For instance, a social group with no overhead costs may utilize an event-based membership structure to only seek member payment before a conference or concert. In contrast, a sports club that operates from a fitness center may deploy a subscription-based membership to cover monthly rent, equipment, and other operational costs. No matter which structure you choose, it's crucial to balance costs with the value you provide so your program is equal parts affordable and profitable.
4. Develop an Onboarding and Retention Strategy
Now that your membership program has defined a mission, community, and value supported by a set structure, you're ready to develop an onboarding and retention strategy. An onboarding strategy is a collection of practices to welcome new members to your organization. In contrast, a retention strategy refers to an assortment of methods to help keep existing members interested. Retention strategies often focus on cultivating a positive membership experience that will keep your members involved and committed to your cause. We will share our best tips for providing an excellent membership experience in Chapter 3: Maximizing Your Membership Experience [Link to Chapter 3].
An onboarding and retention strategy for a membership community typically involves several communication channels, such as a welcome email sequence or SMS message, to familiarize new members with the group's features or services. Follow-up communications, like regular newsletters, enable members to become more involved with the organization and provide beneficial feedback.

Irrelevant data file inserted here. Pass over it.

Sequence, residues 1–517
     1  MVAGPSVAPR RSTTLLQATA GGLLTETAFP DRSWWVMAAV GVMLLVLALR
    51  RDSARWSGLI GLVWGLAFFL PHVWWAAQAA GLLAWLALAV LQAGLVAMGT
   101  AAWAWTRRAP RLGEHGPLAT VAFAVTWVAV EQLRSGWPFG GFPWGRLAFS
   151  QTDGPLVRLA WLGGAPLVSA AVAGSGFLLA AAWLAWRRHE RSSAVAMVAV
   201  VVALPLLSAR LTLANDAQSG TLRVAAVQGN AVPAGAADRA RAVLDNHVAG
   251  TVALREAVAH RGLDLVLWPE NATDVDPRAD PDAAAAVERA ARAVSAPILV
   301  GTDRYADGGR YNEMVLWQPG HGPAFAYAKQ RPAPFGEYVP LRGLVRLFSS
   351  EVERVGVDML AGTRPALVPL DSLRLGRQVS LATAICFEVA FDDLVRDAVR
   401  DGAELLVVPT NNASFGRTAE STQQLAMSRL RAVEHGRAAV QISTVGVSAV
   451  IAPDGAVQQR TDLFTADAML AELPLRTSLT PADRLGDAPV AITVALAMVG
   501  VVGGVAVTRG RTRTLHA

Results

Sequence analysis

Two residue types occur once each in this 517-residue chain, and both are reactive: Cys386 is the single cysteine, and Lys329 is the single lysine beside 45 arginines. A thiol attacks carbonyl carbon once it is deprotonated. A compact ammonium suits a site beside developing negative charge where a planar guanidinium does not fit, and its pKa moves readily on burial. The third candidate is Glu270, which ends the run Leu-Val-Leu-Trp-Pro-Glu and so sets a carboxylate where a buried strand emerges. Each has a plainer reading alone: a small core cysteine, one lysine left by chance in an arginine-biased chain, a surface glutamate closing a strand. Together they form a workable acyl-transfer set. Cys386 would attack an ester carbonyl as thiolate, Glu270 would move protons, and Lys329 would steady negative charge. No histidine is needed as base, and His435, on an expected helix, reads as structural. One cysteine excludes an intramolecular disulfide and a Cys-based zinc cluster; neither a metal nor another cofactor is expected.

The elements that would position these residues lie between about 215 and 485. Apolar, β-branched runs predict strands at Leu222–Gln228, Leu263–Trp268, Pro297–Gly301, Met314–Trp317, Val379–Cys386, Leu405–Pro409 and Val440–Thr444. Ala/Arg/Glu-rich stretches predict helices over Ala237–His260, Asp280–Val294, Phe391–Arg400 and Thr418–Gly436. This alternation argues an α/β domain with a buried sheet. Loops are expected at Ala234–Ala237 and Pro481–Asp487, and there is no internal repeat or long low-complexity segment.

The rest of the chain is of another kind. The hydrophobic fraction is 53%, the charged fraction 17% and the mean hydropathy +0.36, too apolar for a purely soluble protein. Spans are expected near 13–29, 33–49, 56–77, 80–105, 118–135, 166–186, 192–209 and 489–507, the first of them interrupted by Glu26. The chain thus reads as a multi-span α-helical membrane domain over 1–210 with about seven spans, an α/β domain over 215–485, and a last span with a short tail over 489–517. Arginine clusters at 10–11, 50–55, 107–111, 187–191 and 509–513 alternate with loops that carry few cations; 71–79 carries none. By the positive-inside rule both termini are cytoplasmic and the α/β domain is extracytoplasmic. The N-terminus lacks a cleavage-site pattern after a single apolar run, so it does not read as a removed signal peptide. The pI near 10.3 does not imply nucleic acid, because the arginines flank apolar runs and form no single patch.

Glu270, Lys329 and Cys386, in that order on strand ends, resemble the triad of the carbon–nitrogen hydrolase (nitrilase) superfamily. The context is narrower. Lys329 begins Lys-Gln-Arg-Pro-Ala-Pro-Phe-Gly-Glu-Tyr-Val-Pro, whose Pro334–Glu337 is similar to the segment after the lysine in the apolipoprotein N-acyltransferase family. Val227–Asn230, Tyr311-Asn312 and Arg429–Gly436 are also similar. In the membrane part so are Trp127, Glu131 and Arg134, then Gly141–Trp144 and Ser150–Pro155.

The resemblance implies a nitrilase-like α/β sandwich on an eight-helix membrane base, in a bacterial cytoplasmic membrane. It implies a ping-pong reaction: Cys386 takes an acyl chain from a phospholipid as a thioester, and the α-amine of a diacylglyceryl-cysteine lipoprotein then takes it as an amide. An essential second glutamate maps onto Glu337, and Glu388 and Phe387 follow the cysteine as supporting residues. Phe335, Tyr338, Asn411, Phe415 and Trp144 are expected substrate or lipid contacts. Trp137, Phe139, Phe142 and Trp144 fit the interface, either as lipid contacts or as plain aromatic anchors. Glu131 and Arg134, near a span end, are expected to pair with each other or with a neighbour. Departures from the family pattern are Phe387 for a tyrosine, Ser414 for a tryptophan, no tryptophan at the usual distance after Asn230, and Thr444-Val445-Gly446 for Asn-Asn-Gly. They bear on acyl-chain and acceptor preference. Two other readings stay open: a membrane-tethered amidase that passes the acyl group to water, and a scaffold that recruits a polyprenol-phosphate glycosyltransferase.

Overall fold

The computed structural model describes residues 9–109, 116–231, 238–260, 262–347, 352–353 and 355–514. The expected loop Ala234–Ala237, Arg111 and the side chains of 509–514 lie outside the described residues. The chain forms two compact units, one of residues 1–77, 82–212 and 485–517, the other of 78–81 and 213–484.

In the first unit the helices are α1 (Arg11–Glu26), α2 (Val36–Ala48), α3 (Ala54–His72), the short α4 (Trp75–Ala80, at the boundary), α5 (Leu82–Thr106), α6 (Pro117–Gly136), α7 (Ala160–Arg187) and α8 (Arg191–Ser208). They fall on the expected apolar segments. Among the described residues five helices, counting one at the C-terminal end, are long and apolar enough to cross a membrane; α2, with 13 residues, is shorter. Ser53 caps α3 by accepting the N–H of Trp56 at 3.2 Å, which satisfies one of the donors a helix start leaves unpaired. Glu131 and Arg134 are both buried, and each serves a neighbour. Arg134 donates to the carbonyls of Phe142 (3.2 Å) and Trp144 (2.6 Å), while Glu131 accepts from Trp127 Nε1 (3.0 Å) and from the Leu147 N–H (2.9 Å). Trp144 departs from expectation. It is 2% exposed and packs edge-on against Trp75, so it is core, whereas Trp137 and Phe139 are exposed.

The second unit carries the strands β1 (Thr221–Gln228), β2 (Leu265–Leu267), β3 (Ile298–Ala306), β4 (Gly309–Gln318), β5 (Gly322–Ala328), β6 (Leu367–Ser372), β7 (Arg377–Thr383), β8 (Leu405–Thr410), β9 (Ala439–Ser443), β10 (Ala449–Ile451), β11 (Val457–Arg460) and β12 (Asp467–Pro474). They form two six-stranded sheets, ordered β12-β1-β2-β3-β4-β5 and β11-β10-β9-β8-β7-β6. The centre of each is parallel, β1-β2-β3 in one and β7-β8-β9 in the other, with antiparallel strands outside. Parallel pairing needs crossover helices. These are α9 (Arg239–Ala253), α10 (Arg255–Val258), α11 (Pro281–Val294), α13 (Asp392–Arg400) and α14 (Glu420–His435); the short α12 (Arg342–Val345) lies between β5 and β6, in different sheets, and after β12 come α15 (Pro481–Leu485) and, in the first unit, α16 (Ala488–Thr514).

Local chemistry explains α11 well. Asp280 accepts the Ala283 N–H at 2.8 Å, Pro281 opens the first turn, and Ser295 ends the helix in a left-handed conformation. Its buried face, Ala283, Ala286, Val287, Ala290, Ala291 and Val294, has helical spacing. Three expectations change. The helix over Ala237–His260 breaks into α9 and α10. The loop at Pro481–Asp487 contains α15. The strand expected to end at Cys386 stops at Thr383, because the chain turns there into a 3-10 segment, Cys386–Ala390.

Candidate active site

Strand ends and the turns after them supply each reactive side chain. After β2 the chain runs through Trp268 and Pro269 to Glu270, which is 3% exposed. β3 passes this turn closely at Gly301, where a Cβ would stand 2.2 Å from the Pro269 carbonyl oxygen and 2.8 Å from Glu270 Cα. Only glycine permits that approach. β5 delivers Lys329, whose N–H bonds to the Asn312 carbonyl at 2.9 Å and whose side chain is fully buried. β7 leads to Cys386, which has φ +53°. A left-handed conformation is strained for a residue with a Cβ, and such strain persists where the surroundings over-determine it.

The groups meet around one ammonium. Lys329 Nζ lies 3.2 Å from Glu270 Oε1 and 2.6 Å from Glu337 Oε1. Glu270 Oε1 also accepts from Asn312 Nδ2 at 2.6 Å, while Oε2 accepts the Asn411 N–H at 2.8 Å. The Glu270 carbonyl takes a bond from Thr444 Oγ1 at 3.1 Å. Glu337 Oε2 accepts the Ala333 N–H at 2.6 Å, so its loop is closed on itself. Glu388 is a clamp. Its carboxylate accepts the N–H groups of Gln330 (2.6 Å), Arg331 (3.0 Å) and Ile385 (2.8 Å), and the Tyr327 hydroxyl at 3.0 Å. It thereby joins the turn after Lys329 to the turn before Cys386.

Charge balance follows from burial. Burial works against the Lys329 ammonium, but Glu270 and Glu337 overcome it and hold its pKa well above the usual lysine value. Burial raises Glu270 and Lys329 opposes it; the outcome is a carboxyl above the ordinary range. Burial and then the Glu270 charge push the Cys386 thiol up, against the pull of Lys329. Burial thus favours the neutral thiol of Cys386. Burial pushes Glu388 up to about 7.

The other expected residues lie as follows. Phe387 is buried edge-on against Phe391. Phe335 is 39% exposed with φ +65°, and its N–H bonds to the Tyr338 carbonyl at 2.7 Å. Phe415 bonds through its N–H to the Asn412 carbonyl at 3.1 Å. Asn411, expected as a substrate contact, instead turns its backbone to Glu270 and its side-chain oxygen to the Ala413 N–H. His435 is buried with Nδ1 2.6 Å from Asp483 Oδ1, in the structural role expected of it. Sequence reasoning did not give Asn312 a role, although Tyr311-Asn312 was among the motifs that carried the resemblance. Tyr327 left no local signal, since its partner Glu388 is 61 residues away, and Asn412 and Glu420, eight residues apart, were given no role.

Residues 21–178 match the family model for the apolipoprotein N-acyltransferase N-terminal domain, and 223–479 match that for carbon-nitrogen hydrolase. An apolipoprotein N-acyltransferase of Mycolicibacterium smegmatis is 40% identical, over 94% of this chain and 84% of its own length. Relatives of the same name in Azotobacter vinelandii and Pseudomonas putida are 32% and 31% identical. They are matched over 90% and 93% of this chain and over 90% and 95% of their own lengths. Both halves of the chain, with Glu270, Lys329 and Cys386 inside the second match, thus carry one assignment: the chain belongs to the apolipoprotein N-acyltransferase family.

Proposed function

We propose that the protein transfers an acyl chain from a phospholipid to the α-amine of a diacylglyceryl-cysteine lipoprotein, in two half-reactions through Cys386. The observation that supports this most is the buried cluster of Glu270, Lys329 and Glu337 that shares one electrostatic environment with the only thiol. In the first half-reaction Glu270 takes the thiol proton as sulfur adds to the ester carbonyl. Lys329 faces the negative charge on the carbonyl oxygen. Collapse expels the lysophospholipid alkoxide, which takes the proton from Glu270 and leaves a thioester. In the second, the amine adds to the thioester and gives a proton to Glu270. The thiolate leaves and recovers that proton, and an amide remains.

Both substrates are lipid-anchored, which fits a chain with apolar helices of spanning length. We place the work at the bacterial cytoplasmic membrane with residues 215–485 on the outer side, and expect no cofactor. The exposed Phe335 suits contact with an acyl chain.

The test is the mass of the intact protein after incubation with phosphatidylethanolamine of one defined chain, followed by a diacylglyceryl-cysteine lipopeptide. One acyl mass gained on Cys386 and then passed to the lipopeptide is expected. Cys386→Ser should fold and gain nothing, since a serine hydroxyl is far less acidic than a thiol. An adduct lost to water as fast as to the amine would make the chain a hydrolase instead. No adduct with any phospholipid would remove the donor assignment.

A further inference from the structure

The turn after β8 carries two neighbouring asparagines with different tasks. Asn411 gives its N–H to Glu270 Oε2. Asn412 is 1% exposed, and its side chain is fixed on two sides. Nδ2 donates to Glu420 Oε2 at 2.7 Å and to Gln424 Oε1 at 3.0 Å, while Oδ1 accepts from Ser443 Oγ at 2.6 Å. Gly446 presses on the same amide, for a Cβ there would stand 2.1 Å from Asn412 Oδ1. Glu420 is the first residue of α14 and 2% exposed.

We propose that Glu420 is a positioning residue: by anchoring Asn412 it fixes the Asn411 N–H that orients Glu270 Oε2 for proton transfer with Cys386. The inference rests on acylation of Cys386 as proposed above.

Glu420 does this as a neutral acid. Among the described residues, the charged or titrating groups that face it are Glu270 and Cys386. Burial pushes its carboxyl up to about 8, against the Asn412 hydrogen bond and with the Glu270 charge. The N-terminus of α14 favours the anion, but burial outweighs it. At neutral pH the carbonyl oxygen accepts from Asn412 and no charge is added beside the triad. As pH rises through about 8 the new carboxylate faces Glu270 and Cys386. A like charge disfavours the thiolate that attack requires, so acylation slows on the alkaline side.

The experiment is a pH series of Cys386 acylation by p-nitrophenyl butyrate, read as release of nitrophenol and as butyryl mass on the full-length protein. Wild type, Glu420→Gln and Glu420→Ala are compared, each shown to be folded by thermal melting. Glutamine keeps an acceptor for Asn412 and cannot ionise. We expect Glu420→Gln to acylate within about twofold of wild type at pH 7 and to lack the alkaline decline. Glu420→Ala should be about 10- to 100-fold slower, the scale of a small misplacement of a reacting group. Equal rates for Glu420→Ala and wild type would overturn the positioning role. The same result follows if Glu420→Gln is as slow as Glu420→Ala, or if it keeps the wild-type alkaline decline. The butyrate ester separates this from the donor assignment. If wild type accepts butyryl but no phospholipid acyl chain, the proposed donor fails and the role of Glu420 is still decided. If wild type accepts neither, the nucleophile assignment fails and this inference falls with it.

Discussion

5. Promote and Market Your Membership Organization
Once your membership organization has begun onboarding new members, you can move forward with promotional material to market your community to the general public. Begin by creating an online presence for your membership organization, first by building a membership website that describes your mission and unique value proposition to attract like-minded individuals.
Demonstrate expertise for your niche, highlight relevant qualifications by publishing routine blog posts, and support your online initiatives through a robust social media presence. Get the word out about your organization through these various online channels, taking the time to communicate your organization's differentiators through newsletters, videos, and testimonials.
6. Use Technology to Manage Members and Membership Benefits
When it comes to learning how to create a membership program, the final secret to success is harnessing the right tools for member and benefits management. Members are simply at the heart of every membership business model. With the proper practices in place to onboard, engage, and maintain each member in your membership organization, it's possible to grow a true community.
To help your community successfully scale, invest in a quality membership management system to streamline your administrative processes, automate repeated tasks, and ensure accurate tracking of membership data. Other management tools, like email marketing software and a secure payment gateway, help guarantee that your membership organization is both productive and profitable.
There is limitless potential for membership organizations, from small businesses that provide services in exchange for reliable income to local associations that provide partnerships in favor of community engagement. And with tons of membership types — like free, one-time fee, and tiered memberships — there is significant viability of the membership business model in today's society.
Once you apply the above six steps to create your own membership organization, head to Chapter 2: Master Your Membership Management with These Expert Tips to maximize your community.